Traveling to centers of excellence for pancreatic surgery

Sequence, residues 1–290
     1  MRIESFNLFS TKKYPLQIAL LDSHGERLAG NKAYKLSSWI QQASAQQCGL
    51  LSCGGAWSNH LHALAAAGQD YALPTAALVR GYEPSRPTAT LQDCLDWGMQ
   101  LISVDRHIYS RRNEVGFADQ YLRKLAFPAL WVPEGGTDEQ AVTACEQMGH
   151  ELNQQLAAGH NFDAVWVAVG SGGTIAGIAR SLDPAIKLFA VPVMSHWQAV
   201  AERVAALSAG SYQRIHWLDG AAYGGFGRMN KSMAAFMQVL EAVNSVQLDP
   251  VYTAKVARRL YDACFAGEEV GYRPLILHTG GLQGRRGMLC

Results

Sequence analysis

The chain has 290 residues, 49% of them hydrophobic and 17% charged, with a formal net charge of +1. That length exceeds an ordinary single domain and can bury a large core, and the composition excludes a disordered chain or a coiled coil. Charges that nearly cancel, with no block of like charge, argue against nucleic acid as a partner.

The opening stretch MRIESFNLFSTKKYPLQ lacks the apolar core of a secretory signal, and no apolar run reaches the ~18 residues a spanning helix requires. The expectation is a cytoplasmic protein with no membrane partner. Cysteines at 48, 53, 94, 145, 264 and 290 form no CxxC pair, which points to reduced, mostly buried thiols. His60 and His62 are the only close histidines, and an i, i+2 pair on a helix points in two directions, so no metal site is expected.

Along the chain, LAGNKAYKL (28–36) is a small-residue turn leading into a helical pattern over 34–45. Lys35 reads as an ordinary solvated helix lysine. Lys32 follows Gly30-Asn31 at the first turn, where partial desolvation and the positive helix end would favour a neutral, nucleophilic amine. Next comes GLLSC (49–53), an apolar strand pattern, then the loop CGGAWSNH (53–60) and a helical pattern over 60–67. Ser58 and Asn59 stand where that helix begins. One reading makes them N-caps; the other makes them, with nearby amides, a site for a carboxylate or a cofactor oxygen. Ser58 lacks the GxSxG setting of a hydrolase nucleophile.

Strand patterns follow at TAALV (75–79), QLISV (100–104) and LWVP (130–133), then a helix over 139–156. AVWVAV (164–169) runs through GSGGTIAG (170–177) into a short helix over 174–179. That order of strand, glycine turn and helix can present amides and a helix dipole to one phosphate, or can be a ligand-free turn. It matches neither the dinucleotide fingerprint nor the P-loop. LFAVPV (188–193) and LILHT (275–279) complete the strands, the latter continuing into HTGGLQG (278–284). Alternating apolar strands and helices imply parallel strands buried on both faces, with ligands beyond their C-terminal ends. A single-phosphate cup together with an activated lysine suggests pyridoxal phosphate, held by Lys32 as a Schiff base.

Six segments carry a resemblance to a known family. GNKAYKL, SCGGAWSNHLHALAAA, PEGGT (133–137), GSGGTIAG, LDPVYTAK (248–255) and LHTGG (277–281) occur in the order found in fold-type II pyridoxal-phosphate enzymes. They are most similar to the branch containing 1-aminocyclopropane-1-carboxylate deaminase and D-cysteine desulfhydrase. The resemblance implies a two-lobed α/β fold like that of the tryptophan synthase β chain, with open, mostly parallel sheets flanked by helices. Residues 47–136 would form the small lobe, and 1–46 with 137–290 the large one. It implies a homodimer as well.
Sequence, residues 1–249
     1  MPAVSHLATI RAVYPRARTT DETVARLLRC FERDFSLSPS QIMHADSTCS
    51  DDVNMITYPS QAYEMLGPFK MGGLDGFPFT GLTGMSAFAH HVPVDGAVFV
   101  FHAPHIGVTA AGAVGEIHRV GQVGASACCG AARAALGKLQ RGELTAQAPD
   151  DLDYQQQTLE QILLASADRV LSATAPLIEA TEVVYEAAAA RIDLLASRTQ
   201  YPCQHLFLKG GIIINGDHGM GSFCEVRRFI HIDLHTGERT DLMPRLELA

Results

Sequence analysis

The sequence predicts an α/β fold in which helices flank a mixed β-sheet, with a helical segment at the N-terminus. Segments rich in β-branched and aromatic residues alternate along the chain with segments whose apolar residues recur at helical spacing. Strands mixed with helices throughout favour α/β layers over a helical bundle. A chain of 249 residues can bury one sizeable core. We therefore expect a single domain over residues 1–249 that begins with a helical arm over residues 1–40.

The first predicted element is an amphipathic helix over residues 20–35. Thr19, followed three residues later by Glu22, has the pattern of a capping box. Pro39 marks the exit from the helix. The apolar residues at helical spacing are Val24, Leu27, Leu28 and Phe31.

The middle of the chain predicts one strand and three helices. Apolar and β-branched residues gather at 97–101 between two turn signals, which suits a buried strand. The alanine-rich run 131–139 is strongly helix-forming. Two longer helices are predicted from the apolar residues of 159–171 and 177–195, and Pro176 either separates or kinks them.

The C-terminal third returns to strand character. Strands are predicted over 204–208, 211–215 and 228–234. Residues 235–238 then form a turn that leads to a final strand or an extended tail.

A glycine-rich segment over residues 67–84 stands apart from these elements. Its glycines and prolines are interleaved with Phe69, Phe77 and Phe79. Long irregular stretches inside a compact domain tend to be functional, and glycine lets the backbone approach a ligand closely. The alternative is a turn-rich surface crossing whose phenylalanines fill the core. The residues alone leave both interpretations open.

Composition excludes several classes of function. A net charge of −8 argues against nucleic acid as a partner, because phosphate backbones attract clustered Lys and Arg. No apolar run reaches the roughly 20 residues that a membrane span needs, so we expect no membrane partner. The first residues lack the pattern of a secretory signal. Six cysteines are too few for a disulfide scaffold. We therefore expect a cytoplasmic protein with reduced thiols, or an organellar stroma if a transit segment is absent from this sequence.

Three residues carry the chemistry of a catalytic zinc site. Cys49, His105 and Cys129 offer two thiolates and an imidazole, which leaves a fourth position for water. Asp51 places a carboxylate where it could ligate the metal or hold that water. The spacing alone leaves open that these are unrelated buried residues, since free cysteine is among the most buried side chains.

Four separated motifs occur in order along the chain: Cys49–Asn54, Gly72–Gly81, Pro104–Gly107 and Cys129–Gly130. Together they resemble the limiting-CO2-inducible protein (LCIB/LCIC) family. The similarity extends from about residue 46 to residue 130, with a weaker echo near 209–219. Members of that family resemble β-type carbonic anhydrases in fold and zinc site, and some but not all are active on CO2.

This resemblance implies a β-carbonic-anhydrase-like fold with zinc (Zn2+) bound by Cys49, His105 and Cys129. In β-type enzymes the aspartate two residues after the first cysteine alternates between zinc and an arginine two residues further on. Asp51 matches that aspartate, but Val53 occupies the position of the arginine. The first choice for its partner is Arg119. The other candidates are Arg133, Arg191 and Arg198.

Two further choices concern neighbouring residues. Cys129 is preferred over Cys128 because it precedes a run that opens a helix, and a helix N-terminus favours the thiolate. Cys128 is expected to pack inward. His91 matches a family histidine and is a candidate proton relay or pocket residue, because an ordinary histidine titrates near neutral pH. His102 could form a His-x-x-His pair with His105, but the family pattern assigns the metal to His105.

M. White and colleagues recently reported a remarkable study of close to 23,000 patients with pancreatic cancer. Using the National Cancer Database, the authors studied whether or not traveling to obtain surgical treatment was associated with better care for patients with pancreatic cancer. Remarkably, patients who traveled for their care (presumably to a center of excellence with extensive experience treating pancreatic cancer) had better survival than patients who did not. Patients who traveled were more likely to have a complete resection of their cancer, and they were more likely to have a complete lymph node dissection than were patients who did not travel. The authors conclude that “There are improvements in both quality and survival for those traveling to academic centers for their cancer care,” and that for pancreatic cancer these improvements “translated to a survival advantage.”

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